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Another Newbie wondering what experienced Java people think of Sun, Java, future

Jasper Vader
Ranch Hand

Joined: Jan 10, 2003
Posts: 284
Hi there
i have read that Sun has been losing money lately. Well, so has Quantas airline and it has laid off 1500 workers but they dont seem to be going down or anything.
I just wonder... if Sun is fighting a battle on 2 fronts? .NET and Linux taking over servers? look, i really have no idea what i am talking about and am currently still studying for the SCJP exam, so i do not feel qualified at all to make assumptions.
Java seems to be a very powerful language with a lot of support through the open source community. and some polls show Java as being the most-preffered language at the moment. And the whole J2EE thing appears to be very powerful.
If something new comes along, like superfast computers running on chips that have been etched using UV radiation (standard in 2 years i heard), parallel processors, quantum processing (prolly will be viable in 5 years)... then playing fields will change a bit...
anyway, i just wonder what Experienced (ie commercially experienced and current) java programmers feel about this. I know it is a rather debatable topic and there are a lot of emotions that come into play. But i have a lot to learn in front of me and hope to be able to get past the doubts and keep on working with a clear head, maybe develop an approach that can accomodate all possible outcomes?
thanks in advance for your thoughts.


giddee up
Mark Herschberg
Sheriff

Joined: Dec 04, 2000
Posts: 6037
Since Sun doesn't directly make money from Java, losses in the Java market seem moot. Sun is a hardware company.
In fact, as OS proliferate (people move from all windows, to wndows and linux) Java will look like a better option as it supports multiple platforms.
Even if Sun does die, Java will not die with it. Sun is only one player (albeit the most major one), backing Java.
The revolutionary new technologies are far more then 2 years down the road. I know the quantum computing field, and it's 10-15 years away minimum. As for parallel processor... so what? It hasn't fundamentally changed Java on servers so far. Besdies, that's usually an issue for the OS, or maybe JVM. Even if it would lead to a new software paradigm, by the time the hardware is commercially viable, and widely adopted, and the software community migrates to it, it'll still be 4-6 years minimum.
--Mark
Jasper Vader
Ranch Hand

Joined: Jan 10, 2003
Posts: 284
interesting. i think java would be one of the better-suited languages in terms of harnessing parallel-processing powers (through the use of threads?).
very true what you say, about the fact that java does not now rely on sun for its existence/validity. and therefore is independant of the fortunes of sun, the company. which ultimately i imagine any product line will achieve to some degree.
i wonder if more speed from smaller circuit boards will make java evenmorepopular... The faster computers become, the more suitable it is to utilise java in situations which requires intense data/processing/computing.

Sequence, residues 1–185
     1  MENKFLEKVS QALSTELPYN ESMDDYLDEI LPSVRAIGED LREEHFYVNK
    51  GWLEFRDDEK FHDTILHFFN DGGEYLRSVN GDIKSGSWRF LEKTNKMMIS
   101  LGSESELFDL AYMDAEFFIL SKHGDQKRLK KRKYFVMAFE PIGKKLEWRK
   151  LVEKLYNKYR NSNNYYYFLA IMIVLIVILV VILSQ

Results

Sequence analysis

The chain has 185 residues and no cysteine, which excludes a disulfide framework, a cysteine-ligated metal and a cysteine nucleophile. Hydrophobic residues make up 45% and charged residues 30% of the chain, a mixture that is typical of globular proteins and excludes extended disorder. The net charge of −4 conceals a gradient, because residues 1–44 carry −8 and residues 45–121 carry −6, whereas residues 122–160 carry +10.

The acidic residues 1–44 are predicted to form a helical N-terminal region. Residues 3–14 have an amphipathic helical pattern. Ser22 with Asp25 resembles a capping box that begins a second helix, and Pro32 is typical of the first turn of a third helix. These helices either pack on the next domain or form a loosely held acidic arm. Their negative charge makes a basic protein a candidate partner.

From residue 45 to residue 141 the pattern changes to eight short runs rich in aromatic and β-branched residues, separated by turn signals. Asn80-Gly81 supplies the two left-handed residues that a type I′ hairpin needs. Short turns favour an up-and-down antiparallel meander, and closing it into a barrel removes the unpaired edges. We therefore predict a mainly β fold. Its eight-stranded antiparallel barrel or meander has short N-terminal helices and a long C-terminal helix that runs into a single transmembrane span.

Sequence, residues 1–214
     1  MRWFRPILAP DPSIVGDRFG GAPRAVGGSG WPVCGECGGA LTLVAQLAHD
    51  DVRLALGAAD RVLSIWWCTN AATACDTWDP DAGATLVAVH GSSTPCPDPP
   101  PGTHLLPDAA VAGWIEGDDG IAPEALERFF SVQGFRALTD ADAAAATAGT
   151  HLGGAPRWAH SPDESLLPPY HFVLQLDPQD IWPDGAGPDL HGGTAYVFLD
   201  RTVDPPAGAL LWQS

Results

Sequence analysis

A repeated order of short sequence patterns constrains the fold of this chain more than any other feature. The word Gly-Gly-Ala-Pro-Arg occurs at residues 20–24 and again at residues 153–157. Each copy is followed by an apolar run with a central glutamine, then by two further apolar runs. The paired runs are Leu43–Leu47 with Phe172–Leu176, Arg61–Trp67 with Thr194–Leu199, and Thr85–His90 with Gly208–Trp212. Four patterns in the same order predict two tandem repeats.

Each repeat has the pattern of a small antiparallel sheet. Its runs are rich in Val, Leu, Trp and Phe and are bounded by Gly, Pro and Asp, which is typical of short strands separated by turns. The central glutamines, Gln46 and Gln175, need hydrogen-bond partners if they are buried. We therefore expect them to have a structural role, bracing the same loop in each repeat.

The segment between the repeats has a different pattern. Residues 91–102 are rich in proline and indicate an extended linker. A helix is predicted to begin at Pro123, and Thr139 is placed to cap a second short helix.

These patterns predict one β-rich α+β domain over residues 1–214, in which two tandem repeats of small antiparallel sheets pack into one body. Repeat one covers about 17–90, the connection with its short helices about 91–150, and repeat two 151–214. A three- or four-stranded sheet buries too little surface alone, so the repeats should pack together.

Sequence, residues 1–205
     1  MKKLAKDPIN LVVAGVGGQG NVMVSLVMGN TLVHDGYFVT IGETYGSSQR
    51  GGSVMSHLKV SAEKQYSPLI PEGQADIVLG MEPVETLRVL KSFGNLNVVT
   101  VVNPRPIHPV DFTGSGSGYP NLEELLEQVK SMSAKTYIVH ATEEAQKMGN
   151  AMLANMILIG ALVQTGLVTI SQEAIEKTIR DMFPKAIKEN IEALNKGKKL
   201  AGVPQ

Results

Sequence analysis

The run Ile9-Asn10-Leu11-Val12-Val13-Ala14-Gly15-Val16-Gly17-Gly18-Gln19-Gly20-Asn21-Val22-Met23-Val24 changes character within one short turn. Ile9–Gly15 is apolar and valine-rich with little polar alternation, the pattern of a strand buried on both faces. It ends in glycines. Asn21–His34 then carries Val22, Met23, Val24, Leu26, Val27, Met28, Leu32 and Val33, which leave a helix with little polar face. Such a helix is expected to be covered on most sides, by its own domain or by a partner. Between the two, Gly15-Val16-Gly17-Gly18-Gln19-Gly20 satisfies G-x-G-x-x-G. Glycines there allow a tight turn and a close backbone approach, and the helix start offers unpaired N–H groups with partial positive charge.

Mark Herschberg
Sheriff

Joined: Dec 04, 2000
Posts: 6037
Originally posted by Jasper Vader:
interesting. i think java would be one of the better-suited languages in terms of harnessing parallel-processing powers (through the use of threads?).

All OS have threads and/or processes. I believe Java is, if anything worse off, because the application is 2 layers away from the chips, OS and JVM, whereas native applications are run in the OS, allowing for finer grained control of application partitioning among the processors.

Originally posted by Jasper Vader:
very true what you say, about the fact that java does not now rely on sun for its existence/validity. and therefore is independant of the fortunes of sun, the company. which ultimately i imagine any product line will achieve to some degree.

You lost me. Most products do live and die with their company (e.g. if BEA went out of business, WebLogic would likely disappear). Java is not a product. Java is an "idea." Java is a specification, created by a standards body, of which Sun is member. If one member leaves, the body lives on.
--Mark
Jasper Vader
Ranch Hand

Joined: Jan 10, 2003
Posts: 284
yes, well, listening to the musings of newbies is probable a confusing and oftentimes thankless task. However, I do want to thank you for setting me straight on a couple of ideas there.
cheers .
Jim Baiter
Ranch Hand

Joined: Jan 05, 2001
Posts: 532
Remember that Java has moved under the Java Community Process (JCP) now and although Sun still commandeers this entity, it is an organization open to all.
Jasper Vader
Ranch Hand

Joined: Jan 10, 2003
Posts: 284
Jim, i didnt know that, thanks for the info!
Rufus BugleWeed
Ranch Hand

Joined: Feb 22, 2002
Posts: 1551
I cannot document it, but I heard IBM has more java developers than Sun.
Jasper Vader
Ranch Hand

Joined: Jan 10, 2003
Posts: 284
Originally posted by Mark Herschberg:

Java is not a product. Java is an "idea." Java is a specification, created by a standards body, of which Sun is member. If one member leaves, the body lives on.
--Mark

this single fact is one of the greatest assurances then. thanks for everyone's input, very level-headed and informative.
 
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